A week ago Space Systems/Loral (SS/L) was talking openly of closing (or perhaps selling or merging) its Palo Alto satellite construction facility, and blaming the decision on the downturn in commercial geostationary satellite orders. SS/L stated that 2019 might see no more than 8 or 9 new orders, and when divided amongst the industry this was not enough to sustain the Palo Alto factory.
However, Airbus Defence & Space, which has its main manufacturing base in Toulouse, France, while admitting that the likely order flow is less than ideal, let it be known that they were still anticipating an annual average of 15-18 satellites to be ordered over the next few years.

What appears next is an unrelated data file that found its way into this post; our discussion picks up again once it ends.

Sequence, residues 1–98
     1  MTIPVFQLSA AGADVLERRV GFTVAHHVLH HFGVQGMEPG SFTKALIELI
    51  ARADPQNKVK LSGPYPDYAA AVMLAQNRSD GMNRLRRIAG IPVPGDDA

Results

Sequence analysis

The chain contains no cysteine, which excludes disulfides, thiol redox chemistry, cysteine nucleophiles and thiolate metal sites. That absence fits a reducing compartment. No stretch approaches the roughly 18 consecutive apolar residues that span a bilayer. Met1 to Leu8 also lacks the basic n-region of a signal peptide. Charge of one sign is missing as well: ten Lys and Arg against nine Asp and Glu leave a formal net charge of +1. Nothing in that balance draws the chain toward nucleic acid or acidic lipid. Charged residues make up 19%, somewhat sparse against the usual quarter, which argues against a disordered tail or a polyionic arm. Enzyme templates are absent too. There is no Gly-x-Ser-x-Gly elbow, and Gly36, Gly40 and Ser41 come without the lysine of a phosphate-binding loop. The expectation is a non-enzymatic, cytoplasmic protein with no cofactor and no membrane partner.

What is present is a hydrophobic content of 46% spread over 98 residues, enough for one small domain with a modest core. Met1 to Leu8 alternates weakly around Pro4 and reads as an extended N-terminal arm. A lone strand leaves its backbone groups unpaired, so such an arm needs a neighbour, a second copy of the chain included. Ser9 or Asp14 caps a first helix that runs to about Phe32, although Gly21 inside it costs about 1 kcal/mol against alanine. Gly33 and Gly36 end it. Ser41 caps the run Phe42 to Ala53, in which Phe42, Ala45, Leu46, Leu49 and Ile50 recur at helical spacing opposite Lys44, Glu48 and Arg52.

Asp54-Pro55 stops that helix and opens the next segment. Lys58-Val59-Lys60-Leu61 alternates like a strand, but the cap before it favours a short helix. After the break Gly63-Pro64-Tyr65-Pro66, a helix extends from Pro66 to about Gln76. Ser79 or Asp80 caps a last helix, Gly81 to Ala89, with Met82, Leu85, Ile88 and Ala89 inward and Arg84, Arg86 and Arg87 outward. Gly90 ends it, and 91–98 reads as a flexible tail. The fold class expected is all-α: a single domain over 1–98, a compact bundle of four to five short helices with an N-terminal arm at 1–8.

While Airbus would expect to win its fair share of this highly competitive business sector, there is now little doubt that its order book might now benefit from the uncertainty over SS/L’s commitment to the geostationary sector.
Nicolas Chamussy, Airbus’ EVP at the Airbus, said that while the number was less than the 20-25 units that the builders have enjoyed over the past few years. Moreover, Chamussy said that Airbus had a detailed database of the satellites in orbit and their expected lifespans, and it is this data which suggests the overall number of replacement and new satellites which will be needed.
One important factor is the emergence of a new type of geostationary craft: the refueling/space tug missions now being ordered. SES and Intelsat both have life-extension satellites on order (and Intelsat has ordered its mission extension satellite from SS/L’s owners, Maxar technologies).
This year, to date, just 6 commercial satellites have been ordered.